A552 – Google- Ostacoli alla portabilità dei dati, is a case that is still in progress; therefore, I can’t provide much details. However, the interesting point is that we should deal with the impact of Google’s conduct on the development of a new service: the service provided by intermediaries that users can authorize to collect their individual data from different platforms and resell them to advertisers, shifting part of the profits to the owners of the individual data. Something that might remind what Eric Posner and Glen Weil would describe as “digital trade unions for platforms’ users.”8See Posner, E.A, and Weil G. (2019), Radical Markets. Uprooting Capitalism and Democracy for a Just Society, Princeton University Press. The new market (or, better, the new intermediaries) could represent a competitive constraint for Google. The alleged exclusionary conduct might be considered a violation of art. 102 of the Treaty to the extent to which it may obstacle data collection by the new intermediaries. In this sense, the new intermediaries could be seen both as potential competitors or even as the origin of a new market;

Finally, it is worth mentioning another case where the Italian Competition Authority had to cope with market definition and market power in dynamic industries. More precisely, with the interplay between quite dynamic industries, such as e-commerce, online distribution, online marketplace, and apparently more traditional industries, such as logistics.

In A528 – FBA Amazon,9A528 – FBA  Amazon, Bullettin N° 49/2021. the Italian Competition Authority dealt with Amazon’s dominant position and the dilemma (but is it a real dilemma?) of the assessment of market power in multisided markets. The Italian Competition Authority opted for the “European way” (i.e., assessing market power side by side), and it was a sound exercise, and as often happens (though not always), convergent with the outcome of the “American way” (i.e., multi-sides approach).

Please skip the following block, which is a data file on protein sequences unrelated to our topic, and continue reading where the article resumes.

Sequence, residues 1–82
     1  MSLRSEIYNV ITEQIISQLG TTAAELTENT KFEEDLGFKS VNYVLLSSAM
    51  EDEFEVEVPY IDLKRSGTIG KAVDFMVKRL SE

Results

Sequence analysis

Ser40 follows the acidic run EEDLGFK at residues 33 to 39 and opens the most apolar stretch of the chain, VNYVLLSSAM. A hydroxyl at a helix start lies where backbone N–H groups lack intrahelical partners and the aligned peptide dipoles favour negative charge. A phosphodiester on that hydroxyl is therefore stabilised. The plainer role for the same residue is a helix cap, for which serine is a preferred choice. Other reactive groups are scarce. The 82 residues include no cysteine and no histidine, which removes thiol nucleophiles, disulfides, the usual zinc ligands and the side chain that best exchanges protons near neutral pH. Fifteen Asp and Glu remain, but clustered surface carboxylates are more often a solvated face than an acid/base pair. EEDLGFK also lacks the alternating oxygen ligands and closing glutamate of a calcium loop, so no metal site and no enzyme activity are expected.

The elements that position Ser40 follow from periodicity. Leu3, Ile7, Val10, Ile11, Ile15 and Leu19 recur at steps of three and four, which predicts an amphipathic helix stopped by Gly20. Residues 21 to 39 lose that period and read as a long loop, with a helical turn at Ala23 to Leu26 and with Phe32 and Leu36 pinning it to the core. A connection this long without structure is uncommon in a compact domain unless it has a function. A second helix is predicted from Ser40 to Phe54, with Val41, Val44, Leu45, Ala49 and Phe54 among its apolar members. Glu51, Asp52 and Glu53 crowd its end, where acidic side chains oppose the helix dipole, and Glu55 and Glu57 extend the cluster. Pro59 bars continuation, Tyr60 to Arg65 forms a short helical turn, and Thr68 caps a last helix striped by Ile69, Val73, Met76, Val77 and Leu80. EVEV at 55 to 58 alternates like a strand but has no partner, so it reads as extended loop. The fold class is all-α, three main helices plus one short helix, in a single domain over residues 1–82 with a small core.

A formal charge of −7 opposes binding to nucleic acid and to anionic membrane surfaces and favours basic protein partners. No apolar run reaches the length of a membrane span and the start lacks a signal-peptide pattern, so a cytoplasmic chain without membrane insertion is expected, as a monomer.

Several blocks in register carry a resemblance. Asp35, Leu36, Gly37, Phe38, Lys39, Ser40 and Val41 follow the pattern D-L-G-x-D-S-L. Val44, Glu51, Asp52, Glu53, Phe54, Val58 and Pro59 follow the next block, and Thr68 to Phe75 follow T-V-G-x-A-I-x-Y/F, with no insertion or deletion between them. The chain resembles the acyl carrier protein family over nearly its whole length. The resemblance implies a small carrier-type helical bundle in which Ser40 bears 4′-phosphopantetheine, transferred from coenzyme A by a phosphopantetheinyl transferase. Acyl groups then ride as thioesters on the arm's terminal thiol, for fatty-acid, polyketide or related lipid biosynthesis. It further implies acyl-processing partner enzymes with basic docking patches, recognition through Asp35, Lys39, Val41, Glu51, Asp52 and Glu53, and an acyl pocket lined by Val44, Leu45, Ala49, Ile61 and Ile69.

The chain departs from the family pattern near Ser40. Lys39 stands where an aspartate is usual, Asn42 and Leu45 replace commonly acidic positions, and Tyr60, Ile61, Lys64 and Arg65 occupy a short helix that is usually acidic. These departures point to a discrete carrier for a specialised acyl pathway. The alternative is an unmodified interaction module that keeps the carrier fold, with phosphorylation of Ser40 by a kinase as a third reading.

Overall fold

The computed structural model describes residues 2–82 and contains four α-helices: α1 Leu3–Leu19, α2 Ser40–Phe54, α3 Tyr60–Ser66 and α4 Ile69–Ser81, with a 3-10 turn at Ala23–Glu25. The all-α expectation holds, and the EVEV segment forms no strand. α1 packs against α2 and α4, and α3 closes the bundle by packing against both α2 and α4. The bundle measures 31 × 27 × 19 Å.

However, from our perspective, the interesting point was the assessment of potential competition, i.e., those players operating in the logistics industry potentially affected by the tying strategy adopted by Amazon. The intriguing question was: to which extent can Amazon’s current logistics suppliers be considered Amazon’s as efficient competitors in the future? If the remedies identified by the Italian Competition Authority in her final decision and the commitments accepted by the Commission in the twin case concerning the remaining European countries reveal to be effective, we might have an empirical answer in the near future.

5. Some Concluding Remarks

Let me conclude with a more general remark: in my view, the challenges raised by market definition and the assessment of market power in dynamic industries are strictly linked with (and could be better dealt with) if we privilege a concept of competition that restores the intrinsic interplay between liberty and efficiency. A concept of competition that acknowledges economic freedom as a key source of social efficiency and that considers the protection of the competitive process its natural goal.10See Fox, E. (1981), “The Modernization of Antitrust: A New Equilibrium”, Cornell Law Review, Vol. 66.

Therefore, antitrust should not be focused only on static efficiency and should not be confined to the protection of the outcome of past competition. Especially – but not only – when we cope with mergers. In other words, and more directly: we have to be aware that today’s efficiency is not necessarily the best predictor of tomorrow’s efficiency. It might seem a paradox, but in this perspective the neo-brandeisian challenge to look at competition as an ongoing process might hide more than one similarity with the Austrian school and with Hayek’s view.11M. Grillo (2018), Competition, Efficiency and Liberty, Working Paper.

Andrea Pezzoli

Citation: Andrea Pezzoli, “Market Definition And Market Power Evaluation In Dynamic Industries”, Network Law Review, Summer 2023.